I have unfortunately seen some people argue that, “Since the Christian God is infinite, our Pagan Gods must be finite.” Um, no. I don’t want to be snarky, but that is just REALLY bad theology. One cause of this problem is the assumption that there is only one infinity and that Old Jehovah Nobodaddy has an exclusive claim on it. Again, no. There is more than one infinity. In fact, there are an infinity of infinities, of an infinity of different types.
I know it doesn’t occur to many people, even if they understand what theology is all about, that theology can be done mathematically. It can be. Just watch.
In daily life, it is hard to remember that “infinite” means not just “very big,” but “unending.” There is, happily, one unending set we are quite familiar with, that of the natural numbers: 1, 2, 3, 4, 5, etc. About a century ago, a German mathematician, Georg Kantor, thought maybe he could describe infinity in a little more detail than just “unending.” He began by asking “How many natural numbers are there?” He proposed the concept of “The number of all numbers,” which he called a “transfinite” number and symbolized as א0 [that’s supposed to be a large Aleph followed by a subscript zero, which it was in my text, but this system is not sophisticated enough to handle mathematical notation correctly, and I’m not going to mess around with it any more; the notation is pronounced “aleph null”]. Next, Kantor pointed out that “to count” means to place the items in the set we are counting into one-to-one correspondence with the set of natural numbers: 1, 2, 3, etc. The number we reach for the last item tells us how many items are in the set.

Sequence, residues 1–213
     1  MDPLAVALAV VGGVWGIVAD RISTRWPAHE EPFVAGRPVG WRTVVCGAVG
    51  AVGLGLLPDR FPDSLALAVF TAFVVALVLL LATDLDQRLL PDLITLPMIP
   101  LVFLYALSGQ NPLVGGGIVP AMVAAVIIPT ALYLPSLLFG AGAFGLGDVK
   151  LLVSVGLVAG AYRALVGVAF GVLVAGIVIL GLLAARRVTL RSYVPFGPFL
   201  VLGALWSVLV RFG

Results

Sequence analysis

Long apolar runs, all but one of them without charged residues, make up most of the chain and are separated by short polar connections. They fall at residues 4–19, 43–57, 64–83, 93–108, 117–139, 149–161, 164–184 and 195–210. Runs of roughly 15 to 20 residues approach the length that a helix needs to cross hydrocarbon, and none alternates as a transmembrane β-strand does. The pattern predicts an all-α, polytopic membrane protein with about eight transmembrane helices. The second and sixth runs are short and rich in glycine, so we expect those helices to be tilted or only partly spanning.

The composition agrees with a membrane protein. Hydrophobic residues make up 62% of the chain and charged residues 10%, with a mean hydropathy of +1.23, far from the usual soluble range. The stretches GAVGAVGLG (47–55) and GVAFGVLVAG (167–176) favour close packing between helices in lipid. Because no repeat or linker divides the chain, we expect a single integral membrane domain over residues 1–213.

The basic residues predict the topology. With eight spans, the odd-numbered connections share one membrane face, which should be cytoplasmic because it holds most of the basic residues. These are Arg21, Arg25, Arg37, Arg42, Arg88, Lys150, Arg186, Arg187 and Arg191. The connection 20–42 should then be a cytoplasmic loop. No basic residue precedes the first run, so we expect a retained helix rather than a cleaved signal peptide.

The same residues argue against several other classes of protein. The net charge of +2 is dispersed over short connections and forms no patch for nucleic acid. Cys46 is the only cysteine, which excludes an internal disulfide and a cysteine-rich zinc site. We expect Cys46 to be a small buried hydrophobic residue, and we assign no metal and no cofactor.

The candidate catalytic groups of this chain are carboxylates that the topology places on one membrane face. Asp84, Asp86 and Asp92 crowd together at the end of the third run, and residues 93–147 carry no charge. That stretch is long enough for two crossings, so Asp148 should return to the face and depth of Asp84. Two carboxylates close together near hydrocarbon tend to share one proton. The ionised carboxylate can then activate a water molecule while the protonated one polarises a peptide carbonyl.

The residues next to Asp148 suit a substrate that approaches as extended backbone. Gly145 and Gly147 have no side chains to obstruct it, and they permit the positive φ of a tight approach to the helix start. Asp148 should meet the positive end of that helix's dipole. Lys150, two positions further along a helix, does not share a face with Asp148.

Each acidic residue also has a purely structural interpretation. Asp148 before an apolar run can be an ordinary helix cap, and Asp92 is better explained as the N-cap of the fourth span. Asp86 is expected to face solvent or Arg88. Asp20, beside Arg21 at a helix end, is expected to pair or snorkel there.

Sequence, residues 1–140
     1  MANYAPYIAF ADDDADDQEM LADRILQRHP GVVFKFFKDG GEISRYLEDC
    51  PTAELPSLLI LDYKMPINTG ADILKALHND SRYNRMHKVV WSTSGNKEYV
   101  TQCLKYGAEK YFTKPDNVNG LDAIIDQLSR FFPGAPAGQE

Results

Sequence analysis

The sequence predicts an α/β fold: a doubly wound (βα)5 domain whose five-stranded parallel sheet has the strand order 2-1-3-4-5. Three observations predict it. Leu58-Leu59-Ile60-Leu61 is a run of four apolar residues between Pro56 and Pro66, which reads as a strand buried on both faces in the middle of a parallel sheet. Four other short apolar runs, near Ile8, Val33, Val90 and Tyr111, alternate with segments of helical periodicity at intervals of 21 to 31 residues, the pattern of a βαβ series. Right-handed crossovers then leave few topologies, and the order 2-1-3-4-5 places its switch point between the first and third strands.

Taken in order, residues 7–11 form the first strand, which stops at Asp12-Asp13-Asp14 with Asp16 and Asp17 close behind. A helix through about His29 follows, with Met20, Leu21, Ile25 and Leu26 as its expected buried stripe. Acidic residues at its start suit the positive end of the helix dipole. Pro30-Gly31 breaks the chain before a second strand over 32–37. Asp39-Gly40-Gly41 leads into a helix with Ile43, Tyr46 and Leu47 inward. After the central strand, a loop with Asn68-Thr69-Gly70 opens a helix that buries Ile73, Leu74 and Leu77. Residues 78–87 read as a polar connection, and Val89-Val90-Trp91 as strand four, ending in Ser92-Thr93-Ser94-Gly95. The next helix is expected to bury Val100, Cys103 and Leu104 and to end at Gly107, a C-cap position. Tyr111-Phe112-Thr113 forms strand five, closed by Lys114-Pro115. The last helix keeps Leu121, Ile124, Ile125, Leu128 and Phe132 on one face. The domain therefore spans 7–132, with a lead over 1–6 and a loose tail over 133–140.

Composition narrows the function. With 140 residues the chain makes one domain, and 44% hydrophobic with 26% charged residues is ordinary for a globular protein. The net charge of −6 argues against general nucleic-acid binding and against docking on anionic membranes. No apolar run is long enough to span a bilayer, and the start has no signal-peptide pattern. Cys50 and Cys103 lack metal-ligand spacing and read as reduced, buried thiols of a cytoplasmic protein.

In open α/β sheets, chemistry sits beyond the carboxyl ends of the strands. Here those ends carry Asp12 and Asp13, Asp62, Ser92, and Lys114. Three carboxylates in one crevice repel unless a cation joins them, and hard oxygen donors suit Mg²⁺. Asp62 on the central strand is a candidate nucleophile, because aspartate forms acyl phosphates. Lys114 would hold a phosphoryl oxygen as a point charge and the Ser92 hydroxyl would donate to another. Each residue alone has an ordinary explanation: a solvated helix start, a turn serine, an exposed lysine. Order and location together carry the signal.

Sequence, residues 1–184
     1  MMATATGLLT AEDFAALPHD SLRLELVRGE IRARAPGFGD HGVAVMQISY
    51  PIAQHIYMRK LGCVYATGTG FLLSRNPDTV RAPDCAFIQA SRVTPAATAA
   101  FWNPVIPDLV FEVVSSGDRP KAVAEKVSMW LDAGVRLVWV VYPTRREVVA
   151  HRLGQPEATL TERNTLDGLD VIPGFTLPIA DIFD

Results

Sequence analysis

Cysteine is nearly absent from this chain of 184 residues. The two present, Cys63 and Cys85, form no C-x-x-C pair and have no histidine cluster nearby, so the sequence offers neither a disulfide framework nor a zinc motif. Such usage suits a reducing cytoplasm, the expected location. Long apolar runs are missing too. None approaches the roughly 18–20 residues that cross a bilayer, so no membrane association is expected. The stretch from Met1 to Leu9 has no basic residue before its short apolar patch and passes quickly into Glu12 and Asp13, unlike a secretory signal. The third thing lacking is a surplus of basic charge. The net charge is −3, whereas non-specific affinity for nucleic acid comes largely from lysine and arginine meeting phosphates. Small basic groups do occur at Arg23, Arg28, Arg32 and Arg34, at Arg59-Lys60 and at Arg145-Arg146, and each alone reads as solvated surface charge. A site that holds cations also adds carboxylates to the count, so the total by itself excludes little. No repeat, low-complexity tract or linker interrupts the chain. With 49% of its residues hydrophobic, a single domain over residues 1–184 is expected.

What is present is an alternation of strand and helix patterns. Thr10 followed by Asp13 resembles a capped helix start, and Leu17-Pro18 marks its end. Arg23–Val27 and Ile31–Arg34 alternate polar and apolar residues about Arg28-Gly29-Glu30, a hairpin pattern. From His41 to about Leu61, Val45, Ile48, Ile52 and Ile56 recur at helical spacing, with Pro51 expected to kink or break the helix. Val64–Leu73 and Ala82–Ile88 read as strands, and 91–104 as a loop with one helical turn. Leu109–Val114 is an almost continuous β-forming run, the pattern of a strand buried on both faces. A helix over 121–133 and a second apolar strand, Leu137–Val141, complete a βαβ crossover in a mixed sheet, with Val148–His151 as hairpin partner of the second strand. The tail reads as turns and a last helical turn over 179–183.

Next, let’s ask an apparently dumb question: How many even numbers are there relative to all the natural numbers? Isn’t it common sense to think there only half as many? But if we count the even numbers by placing them into one-to-one correspondence with all the natural numbers, which is our ordinary “counting rule,” what we see is:
2 4 6 8 10 . . .
1 2 3 4 5 . . .